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excerpted from AreaDevelopment Online

When Richard Florida published The Rise of the Creative Class in 2002, a new dialogue among economic development professionals started: Does a city’s concentration of “creative” knowledge workers impact its economic output?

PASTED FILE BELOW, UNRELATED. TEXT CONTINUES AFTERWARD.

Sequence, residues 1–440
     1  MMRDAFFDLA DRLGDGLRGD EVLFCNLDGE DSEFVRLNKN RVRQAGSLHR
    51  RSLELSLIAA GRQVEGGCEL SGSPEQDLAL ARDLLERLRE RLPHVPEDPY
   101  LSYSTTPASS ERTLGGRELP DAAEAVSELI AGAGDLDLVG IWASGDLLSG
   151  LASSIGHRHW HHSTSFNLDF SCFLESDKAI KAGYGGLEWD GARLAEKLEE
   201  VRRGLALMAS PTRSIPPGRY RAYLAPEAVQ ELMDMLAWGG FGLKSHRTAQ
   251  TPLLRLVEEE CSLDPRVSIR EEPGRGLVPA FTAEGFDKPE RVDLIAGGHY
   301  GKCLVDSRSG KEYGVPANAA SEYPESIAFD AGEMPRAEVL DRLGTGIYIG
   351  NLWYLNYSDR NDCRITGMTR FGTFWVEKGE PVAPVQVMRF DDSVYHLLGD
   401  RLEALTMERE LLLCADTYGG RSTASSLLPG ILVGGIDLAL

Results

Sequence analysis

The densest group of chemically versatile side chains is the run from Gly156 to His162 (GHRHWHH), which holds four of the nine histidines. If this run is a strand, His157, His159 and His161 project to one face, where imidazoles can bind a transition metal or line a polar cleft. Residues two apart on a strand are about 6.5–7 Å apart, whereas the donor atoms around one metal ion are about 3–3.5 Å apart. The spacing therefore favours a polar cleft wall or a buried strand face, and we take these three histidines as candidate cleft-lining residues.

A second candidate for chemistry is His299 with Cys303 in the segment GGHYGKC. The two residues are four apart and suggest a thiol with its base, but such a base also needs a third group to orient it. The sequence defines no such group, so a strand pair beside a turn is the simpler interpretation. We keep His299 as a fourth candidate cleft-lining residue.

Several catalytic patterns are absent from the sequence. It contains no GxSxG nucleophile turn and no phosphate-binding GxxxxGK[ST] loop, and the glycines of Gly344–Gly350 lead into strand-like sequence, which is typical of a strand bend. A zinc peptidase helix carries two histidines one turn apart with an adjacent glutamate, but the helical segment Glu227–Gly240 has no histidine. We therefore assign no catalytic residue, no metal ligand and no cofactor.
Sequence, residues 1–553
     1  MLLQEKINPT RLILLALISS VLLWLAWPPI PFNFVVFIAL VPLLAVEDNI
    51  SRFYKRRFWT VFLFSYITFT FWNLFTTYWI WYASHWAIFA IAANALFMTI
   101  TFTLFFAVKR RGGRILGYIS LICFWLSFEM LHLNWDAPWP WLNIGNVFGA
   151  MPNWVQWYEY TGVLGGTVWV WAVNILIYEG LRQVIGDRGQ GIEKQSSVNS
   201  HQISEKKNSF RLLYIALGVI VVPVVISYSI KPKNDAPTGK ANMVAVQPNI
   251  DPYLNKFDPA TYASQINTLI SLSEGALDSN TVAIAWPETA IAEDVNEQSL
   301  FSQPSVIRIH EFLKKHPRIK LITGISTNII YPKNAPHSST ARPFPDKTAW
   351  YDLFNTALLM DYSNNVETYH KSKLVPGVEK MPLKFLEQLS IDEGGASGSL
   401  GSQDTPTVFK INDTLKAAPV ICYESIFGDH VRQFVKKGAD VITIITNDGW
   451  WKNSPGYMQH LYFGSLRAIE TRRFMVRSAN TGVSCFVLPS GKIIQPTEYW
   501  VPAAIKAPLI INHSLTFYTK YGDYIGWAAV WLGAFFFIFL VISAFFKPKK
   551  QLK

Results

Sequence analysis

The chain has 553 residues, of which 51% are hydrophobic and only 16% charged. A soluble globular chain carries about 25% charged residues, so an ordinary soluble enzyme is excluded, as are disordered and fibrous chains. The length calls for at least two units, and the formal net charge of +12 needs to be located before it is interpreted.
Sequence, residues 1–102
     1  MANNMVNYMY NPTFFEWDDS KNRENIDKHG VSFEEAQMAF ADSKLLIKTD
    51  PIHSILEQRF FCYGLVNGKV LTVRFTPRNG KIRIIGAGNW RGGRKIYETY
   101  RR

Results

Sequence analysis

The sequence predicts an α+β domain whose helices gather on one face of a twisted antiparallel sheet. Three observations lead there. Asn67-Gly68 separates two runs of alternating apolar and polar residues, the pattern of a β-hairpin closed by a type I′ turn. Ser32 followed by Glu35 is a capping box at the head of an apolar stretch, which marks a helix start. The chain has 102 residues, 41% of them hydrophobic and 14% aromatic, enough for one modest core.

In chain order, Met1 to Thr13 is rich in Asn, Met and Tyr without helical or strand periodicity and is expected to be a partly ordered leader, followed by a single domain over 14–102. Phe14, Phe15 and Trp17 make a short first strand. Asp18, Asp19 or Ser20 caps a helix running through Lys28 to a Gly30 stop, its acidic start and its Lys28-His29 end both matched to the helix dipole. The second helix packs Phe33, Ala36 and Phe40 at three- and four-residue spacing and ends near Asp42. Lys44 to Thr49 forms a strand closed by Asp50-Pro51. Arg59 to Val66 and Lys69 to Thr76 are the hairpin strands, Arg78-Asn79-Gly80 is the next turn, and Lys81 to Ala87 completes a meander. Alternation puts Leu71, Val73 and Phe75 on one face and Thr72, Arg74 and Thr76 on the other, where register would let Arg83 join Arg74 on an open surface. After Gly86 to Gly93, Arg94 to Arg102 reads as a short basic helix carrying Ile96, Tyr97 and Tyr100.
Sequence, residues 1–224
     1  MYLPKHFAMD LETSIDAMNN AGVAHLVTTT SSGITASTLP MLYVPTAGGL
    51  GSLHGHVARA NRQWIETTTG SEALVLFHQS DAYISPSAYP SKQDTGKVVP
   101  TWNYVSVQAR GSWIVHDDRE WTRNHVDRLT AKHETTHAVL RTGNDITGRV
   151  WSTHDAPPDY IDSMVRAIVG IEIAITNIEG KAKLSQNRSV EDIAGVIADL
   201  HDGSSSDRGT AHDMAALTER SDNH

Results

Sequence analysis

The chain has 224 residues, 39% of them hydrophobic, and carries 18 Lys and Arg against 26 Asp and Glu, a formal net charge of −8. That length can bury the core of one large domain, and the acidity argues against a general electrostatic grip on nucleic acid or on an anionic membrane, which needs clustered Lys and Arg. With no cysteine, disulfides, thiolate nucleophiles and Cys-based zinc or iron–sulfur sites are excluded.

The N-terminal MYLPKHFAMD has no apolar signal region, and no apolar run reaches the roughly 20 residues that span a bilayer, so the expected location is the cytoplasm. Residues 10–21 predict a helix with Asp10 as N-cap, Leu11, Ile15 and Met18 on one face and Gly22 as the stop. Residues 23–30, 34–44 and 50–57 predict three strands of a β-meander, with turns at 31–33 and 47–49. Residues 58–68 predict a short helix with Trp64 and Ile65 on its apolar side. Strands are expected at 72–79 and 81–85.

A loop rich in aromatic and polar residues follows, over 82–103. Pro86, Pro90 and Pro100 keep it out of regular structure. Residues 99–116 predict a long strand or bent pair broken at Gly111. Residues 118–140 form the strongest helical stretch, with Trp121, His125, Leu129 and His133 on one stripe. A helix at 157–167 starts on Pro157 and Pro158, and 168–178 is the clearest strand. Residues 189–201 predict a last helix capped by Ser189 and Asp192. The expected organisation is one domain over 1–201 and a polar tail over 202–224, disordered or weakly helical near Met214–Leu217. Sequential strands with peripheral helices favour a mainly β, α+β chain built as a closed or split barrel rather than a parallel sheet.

Prior to Florida’s book, Next Generation Consulting (NGC) made a related discovery: Young knowledge workers said that where they lived was more important than where they worked. Furthermore, Census figures indicate that from 1990 to 2000, only a handful of cities had a net in-migration of young knowledge workers, while 90 percent of America’s cities suffered a net loss. In other words, cities that can attract and retain these highly mobile young knowledge workers will reap economic gains.

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